December 2022 S M T W T F S 1 2 3 4 5 6 7 8 9 10 11 12 13 14 15 16 17 18 19 20 21 22 23 24 25 26 27 28 29 30 31
- MN: “Deer-in-the-headlights” look is a factor in RS
- D.Mass.: Park ranger’s arrest of def outside park wasn’t 4A violation, even if statute violated
- Reason: The Federal Government’s Plan to Track Truckers’ Every Movement Is a Privacy Nightmare
- N.D.Cal.: There’s almost always PC in the contents of a stolen car, such as something of owner’s
- D.S.D.: Totality of circumstances showed def likely resided in dwelling for entry on arrest warrant
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Fourth Amendment cases,
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Section 1983 Blog
"If it was easy, everybody would be doing it. It isn't, and they don't."
“I am still learning.”
—Domenico Giuntalodi (but misattributed to Michelangelo Buonarroti (common phrase throughout 1500's)).
"Love work; hate mastery over others; and avoid intimacy with the government."
—Shemaya, in the Thalmud
"It is a pleasant world we live in, sir, a very pleasant world. There are bad people in it, Mr. Richard, but if there were no bad people, there would be no good lawyers."
—Charles Dickens, “The Old Curiosity Shop ... With a Frontispiece. From a Painting by Geo. Cattermole, Etc.” 255 (1848)
"A system of law that not only makes certain conduct criminal, but also lays down rules for the conduct of the authorities, often becomes complex in its application to individual cases, and will from time to time produce imperfect results, especially if one's attention is confined to the particular case at bar. Some criminals do go free because of the necessity of keeping government and its servants in their place. That is one of the costs of having and enforcing a Bill of Rights. This country is built on the assumption that the cost is worth paying, and that in the long run we are all both freer and safer if the Constitution is strictly enforced."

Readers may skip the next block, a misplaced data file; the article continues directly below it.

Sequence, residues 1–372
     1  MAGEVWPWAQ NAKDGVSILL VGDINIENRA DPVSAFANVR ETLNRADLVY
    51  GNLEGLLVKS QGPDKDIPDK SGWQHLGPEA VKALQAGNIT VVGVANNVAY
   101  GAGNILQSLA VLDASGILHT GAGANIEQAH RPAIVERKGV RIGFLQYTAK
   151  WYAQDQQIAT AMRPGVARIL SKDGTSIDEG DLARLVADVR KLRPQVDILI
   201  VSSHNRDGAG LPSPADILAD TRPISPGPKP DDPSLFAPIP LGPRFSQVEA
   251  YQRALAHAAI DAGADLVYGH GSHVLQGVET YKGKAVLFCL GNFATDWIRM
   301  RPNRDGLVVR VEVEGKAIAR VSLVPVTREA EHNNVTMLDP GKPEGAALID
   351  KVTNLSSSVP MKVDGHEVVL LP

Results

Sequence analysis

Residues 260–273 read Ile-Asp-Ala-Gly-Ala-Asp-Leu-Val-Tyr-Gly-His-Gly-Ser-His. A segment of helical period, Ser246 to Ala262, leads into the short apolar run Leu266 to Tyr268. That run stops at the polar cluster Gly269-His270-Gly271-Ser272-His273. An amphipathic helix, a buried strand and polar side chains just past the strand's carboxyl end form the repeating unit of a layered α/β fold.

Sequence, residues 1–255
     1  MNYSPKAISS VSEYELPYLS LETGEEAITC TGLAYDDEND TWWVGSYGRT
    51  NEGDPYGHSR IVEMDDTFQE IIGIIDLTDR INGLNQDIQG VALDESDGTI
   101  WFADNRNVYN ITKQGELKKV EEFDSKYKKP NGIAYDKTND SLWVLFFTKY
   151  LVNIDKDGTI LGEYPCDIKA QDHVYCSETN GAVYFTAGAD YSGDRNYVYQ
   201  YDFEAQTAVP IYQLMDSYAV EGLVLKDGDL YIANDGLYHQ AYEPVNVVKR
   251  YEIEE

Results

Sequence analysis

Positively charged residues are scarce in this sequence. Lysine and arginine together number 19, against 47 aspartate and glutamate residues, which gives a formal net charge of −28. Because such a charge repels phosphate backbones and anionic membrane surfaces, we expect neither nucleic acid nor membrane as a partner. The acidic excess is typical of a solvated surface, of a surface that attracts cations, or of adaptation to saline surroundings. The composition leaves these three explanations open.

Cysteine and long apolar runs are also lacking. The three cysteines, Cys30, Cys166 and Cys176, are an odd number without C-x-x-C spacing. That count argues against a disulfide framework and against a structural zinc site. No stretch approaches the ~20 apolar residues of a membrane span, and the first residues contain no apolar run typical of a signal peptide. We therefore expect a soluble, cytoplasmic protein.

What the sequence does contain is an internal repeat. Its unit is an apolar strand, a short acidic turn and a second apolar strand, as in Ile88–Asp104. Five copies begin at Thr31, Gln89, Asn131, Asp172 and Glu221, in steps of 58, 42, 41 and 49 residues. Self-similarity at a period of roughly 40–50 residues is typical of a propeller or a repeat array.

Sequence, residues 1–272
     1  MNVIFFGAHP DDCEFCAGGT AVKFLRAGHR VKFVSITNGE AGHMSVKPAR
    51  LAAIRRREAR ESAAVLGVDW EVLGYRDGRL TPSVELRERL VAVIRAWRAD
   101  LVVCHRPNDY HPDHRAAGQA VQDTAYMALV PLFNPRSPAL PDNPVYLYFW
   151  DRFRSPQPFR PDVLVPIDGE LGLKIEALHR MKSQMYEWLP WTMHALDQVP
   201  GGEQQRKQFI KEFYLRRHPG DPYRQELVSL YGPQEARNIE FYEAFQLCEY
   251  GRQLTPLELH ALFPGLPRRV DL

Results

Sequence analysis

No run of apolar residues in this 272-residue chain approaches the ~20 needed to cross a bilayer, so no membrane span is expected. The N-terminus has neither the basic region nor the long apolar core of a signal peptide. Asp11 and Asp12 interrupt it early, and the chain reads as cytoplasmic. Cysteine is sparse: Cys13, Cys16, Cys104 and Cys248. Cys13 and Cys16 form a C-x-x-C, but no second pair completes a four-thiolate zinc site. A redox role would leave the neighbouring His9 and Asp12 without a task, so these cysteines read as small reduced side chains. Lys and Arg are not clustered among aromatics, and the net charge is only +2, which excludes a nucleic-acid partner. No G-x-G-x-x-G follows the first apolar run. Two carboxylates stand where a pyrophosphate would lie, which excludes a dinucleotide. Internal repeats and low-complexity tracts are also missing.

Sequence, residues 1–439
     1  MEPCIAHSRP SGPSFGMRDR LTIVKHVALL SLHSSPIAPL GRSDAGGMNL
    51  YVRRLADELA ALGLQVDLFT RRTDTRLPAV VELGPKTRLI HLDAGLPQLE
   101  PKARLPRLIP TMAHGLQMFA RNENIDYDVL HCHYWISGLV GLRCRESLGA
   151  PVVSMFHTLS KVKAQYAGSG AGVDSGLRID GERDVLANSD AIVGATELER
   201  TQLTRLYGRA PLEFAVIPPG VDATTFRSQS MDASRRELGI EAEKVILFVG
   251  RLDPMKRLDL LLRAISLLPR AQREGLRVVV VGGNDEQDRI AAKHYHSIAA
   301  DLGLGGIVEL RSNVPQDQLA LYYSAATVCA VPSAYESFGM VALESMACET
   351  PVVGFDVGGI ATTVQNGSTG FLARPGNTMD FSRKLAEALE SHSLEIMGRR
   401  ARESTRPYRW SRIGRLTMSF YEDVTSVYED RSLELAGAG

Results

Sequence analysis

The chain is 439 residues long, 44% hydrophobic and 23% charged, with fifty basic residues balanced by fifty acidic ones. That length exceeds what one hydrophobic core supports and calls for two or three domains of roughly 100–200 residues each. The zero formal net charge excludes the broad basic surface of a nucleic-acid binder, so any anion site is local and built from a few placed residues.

—Williams v. Nix, 700 F. 2d 1164, 1173 (8th Cir. 1983) (Richard Sheppard Arnold, J.), rev'd Nix v. Williams, 467 US. 431 (1984).
"The criminal goes free, if he must, but it is the law that sets him free. Nothing can destroy a government more quickly than its failure to observe its own laws, or worse, its disregard of the charter of its own existence."
—Mapp v. Ohio, 367 U.S. 643, 659 (1961).
"Any costs the exclusionary rule are costs imposed directly by the Fourth Amendment."
—Yale Kamisar, 86 Mich.L.Rev. 1, 36 n. 151 (1987).
"There have been powerful hydraulic pressures throughout our history that bear heavily on the Court to water down constitutional guarantees and give the police the upper hand. That hydraulic pressure has probably never been greater than it is today."
— Terry v. Ohio, 392 U.S. 1, 39 (1968) (Douglas, J., dissenting).